Vaccinations are an important part of caring for your cat. Vaccines provide protection from some diseases such as enteritis (feline panleukopaenia) and cat flu (feline calicivirus and feline herpesvirus). Cats who are vaccinated will either show no signs of illness or are less likely to become seriously ill from specific diseases.
Core and non-core vaccinations [1–3]
Core vaccines are those that all unvaccinated cats and cats with an unknown vaccination history should receive to protect them against key diseases including enteritis (feline panleukopaenia, a parvovirus) and cat flu (feline calicivirus and feline herpesvirus). This vaccination combination is commonly known as the F3 vaccination.
Non-core vaccines are those that should only be given to cats in specific risk categories based on an individual risk/benefit assessment , lifestyle, and risk of exposure to the infection of the individual cat. Examples of non-core vaccines include those for feline leukaemia virus (FeLV), feline immunodeficiency virus (FIV), and Chlamydia felis. There may be other non-core vaccines that are available in other countries, that are not available in Australia  and these are not listed here.
Please speak to your veterinarian for the most appropriate advice for your individual cat.
Kitten vaccinations [1–3]
The first core vaccination administered to kittens is from 6-8 weeks of age, then every 3–4 weeks until 16–20 weeks of age. The World Small Animal Veterinary Association (WSAVA) now recommends that a booster vaccine is given at then given at 6 months of age to ensure that a protective immune response develops in any cat that may not have responded to any of the first three vaccines. It is important to follow this schedule to ensure the vaccines are effective.
Please speak to your veterinarian about what vaccinations are right for your kitten or if you are concerned about your kitten’s vaccination being overdue.
Adult cat vaccinations [1–3]
An adult cat who has received a primary vaccination course will require the core vaccination every 1-3 years, depending on the duration of immunity provided by the vaccine your veterinarian uses and the cat’s individual circumstances. Check with your veterinarian.
If you have a cat who is an adult but has not been vaccinated or whose vaccination history or status is unknown, they will need two doses of the core vaccination, 3–4 weeks apart. After this the cat should receive a vaccination every 1–3 years. If you’re introducing another cat with an unknown vaccination history to your household, if possible, ensure vaccination with core vaccines at least a week before bringing the cat home to meet your other animals.
If you are considering breeding your cat, discuss your cat’s vaccination needs with your veterinarian and follow their recommendations before breeding.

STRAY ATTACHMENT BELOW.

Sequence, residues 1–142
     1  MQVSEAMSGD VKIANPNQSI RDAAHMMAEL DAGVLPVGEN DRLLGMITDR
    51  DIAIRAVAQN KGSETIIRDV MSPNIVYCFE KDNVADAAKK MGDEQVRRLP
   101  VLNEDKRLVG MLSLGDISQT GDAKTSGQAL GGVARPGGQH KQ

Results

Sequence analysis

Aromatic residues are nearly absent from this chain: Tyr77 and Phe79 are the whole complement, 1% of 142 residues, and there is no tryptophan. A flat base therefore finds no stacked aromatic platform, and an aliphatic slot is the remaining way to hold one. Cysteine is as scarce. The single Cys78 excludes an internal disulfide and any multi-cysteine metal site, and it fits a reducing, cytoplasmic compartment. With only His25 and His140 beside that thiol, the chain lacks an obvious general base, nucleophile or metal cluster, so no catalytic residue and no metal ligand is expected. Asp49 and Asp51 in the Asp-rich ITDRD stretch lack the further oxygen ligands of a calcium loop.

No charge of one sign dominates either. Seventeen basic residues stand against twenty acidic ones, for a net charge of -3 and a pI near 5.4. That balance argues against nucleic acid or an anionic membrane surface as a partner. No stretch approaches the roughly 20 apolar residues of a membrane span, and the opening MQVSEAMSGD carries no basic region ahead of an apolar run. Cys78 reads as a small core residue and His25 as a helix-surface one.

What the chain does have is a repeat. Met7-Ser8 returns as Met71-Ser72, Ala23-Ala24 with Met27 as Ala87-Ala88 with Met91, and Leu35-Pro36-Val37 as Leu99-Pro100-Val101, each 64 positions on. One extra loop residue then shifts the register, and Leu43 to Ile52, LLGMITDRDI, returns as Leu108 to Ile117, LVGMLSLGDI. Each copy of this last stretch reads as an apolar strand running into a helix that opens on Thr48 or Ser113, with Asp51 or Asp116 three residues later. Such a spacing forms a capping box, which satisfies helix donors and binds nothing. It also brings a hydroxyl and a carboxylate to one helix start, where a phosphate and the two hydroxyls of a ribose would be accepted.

Frequency of vaccinations for adult cats and boarding facility requirements 
The frequency of feline booster vaccinations varies from 1-3 years depending on the vaccine, the disease, and the risk of disease exposure to the individual cat. In general, it is recommended by expert panels on feline vaccination that cats who stay at a boarding cattery require an annual vaccination schedule (or a booster vaccine before the cat goes into the boarding facility if the cat has not been vaccinated in the preceding year) as this can be a higher risk situation than a normal home environment. This is because boarding may be stressful for a cat and stress has immunosuppressive effects which may result in increased susceptibility to infection and disease and additionally there can be a higher risk of exposure to infectious disease.
For these reasons, it is still recommended that a cat should have a vaccination within 12 months of entering a boarding facility, and why almost all cat boarding facilities require cats to have received a vaccination booster within 12 months prior to admission to the facility.
It is best to speak to your vet about your cat’s individual needs. Your veterinarian will always do a health check before administering a vaccination to ensure your kitten or cat is healthy to be vaccinated. In addition, this provides an excellent opportunity for your veterinarian to fully examine your cat and discuss any health issues. This allows any health concerns that your cat may have to be addressed as early as possible, giving your cat the best chance possible to be healthy and comfortable.
The core vaccines used in cats are very safe with a very low incidence of adverse reactions; the benefits of protection from serious infectious disease significantly outweigh the risks of developing an adverse reaction. If you have any concerns about adverse vaccine reactions or the health of your cat, it is best to speak to your veterinarian.
 Australian Veterinary Association (2018) Vaccination of dogs and cats. https://www.ava.com.au/policy-advocacy/policies/companion-animals-health/vaccination-of-dogs-and-cats/. Accessed 31 Jan 2023
 Day MJ, Horzinek MC, Schultz RD, Squires RA (2016) WSAVA Guidelines for the vaccination of dogs and cats. Journal of Small Animal Practice 57:E1–E45
 Stone AES, Brummet GO, Carozza EM, Kass PH, Petersen EP, Sykes J, Westman ME (2020) 2020 AAHA/AAFP Feline Vaccination Guidelines. J Feline Med Surg 22:813–830